By Professor Batty

Comments: 0 

Sunday, May 21, 2006

An Icelandic Home Companion

Tonight I listened to the NPR radio show A Prairie Home Companion which had been recorded earlier this week in Reykjaví­k. Garrison Keillor, its host and writer, brought a mixture of music, drama and nostalgia to Iceland at the urging of his friend, the writer and virtual "Poet Laureate" of Minnesota- Bill Holm. It is kind of hard to be objective about GK when he has been a part of your life for thirty years, the good and the bad start to even out. His morning radio show in the early 70's (pre PHC) was positively sublime, and I've seen him at his best, in person, speaking in my town (our town, he grew up here) when he spoke brilliantly for an hour at the behest of the Anoka Philolectian Society- a group of elderly librarians who gave him literary encouragement when he was just a shy teen. I've also seen him at his worst, causing real anguish to people I know who have had to deal with him professionally on his show.

Still, as the old saying goes, in show biz you are only as good as your last performance. Because Garrison does almost all of the writing, the show lives and dies on his inspiration. He has done over a thousand performances and his material is, by now, thoroughly recycled. This gives a certain uniformity to the proceedings; a fan might call it a comforting familiarity. He has taken the show on the road often and the routine is the same each time: A little monologue with local history and cultural references, a musical guest or two from the area (usually the high point of the show), then a sketch (heavily recycled), more tunes, and then the show's signature- The News From Lake Wobegon, followed with another left-over skit and some more music to end it all.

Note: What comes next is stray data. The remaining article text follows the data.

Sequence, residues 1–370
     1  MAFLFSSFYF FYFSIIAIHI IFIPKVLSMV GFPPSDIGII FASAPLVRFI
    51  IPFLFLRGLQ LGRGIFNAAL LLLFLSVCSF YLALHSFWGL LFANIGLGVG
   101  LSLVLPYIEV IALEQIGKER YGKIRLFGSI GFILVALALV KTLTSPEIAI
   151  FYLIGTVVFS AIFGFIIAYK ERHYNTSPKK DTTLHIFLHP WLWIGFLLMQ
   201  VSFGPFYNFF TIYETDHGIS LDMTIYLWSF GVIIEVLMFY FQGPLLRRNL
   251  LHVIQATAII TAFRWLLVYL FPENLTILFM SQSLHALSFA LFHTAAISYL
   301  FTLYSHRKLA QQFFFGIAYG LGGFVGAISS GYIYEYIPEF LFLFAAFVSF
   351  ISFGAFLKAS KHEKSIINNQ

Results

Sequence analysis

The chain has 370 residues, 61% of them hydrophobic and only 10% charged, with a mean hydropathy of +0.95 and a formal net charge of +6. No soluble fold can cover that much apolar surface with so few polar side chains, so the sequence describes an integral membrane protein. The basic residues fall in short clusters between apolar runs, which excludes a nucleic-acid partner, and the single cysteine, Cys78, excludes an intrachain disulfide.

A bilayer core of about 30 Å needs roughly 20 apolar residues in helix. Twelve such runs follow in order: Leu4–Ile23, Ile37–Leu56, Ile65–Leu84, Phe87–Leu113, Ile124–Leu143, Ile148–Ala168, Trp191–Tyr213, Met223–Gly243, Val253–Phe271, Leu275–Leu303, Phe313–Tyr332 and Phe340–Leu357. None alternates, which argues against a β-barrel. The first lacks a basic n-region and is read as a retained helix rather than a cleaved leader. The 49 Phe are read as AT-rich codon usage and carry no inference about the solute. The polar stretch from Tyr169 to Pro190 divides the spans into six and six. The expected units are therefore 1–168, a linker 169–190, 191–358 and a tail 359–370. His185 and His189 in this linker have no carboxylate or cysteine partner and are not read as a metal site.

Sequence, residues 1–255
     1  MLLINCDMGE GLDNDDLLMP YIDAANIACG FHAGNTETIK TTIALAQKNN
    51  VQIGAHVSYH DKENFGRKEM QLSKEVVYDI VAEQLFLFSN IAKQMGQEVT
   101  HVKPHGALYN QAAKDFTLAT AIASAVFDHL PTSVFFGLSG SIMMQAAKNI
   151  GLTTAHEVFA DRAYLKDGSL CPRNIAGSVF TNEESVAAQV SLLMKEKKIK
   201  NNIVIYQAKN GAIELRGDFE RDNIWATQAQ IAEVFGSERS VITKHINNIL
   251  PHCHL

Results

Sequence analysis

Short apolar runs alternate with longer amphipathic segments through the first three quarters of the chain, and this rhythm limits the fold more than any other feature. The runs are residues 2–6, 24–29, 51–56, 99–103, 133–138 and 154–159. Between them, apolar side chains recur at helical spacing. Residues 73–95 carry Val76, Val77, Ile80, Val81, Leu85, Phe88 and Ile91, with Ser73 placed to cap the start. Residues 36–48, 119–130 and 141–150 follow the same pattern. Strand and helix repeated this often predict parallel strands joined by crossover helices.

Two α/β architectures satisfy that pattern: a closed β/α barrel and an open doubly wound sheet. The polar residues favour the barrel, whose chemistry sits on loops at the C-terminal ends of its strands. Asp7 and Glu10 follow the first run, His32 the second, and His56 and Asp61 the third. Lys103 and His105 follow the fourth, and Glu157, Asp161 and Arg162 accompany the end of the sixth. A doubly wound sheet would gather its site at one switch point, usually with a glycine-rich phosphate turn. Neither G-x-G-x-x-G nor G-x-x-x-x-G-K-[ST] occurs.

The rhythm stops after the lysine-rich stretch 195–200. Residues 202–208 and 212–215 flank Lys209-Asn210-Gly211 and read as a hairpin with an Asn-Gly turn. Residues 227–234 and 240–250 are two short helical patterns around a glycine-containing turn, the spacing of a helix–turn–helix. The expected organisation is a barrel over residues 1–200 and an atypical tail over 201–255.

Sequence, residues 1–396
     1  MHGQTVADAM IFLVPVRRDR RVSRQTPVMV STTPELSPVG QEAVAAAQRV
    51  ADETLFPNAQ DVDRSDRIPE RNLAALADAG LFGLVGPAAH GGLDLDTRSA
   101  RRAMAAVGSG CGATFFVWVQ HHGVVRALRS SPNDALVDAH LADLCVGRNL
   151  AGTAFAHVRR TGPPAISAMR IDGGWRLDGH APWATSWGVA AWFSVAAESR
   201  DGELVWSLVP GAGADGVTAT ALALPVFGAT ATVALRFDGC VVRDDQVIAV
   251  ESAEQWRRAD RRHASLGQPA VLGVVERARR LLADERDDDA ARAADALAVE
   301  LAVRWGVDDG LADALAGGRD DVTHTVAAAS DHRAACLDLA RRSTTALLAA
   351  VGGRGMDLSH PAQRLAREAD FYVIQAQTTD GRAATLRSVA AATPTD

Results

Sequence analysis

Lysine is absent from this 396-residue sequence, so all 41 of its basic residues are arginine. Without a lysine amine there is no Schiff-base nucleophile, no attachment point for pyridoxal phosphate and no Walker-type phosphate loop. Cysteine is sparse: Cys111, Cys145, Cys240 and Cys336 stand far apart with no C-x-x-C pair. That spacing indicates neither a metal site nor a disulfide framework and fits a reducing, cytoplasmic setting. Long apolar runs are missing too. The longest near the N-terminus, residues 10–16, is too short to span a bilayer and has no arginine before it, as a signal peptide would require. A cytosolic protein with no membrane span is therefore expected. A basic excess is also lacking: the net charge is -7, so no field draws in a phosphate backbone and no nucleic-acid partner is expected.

Tonight's show was typical of most, some good (especially the Icelandic singers and Mr. Holm) Some OK, (John C. Reilly) and some indifferent (skits and the monologue.)
With the upcoming Prairie Home movie the franchise is poised for another spurt in popularity; the Robert Altman-directed film is supposed to be a knockout. This week's chance for the radio show to create something unique incorporating and illuminating the Icelandic experience was lost in formatics: The show has gone on for too long, and in the same rut, it is as stale as a thirty-year-old Powdermilk Biscuit.

By Professor Batty

Comments: 1 

Saturday, May 20, 2006

Nature Tales From The Urban Wilderness

Driving home, past a freshly plowed field, I spotted three crows among the furrows. They were scavenging (grubs?) a maintaining a conversation among themselves concerning the other creature on the scene- a wily coyote. Visions of The Roadunner came to mind, this poor canine looked just as clueless as his cartoon namesake, the crows just as cunning, and the bare earth was as close as Minnesota gets to the painted desert. The traffic came to a stop, so I could study the tableaux at length. The coyote was standing still, just looking at the cars on the highway, completely unafraid; perhaps he thought the UPS truck behind me had a pair of ACME™ rocket powered rollerskates for him.

When I got home, the weaver told me about a co-worker who had a bear in her birdfeeder the other day. We had three deer calmly munching in our backyard last summer. Nature is returning, intent on reclaiming the urban sprawl. My tomato plants are infested with squirrels. I'm afraid.

UPDATE: The Weaver spotted more deer sauntering past the house Saturday morning. Nature threat level: ORANGE

By Professor Batty

Comments: 0 

Thursday, May 18, 2006

White Cotton Dress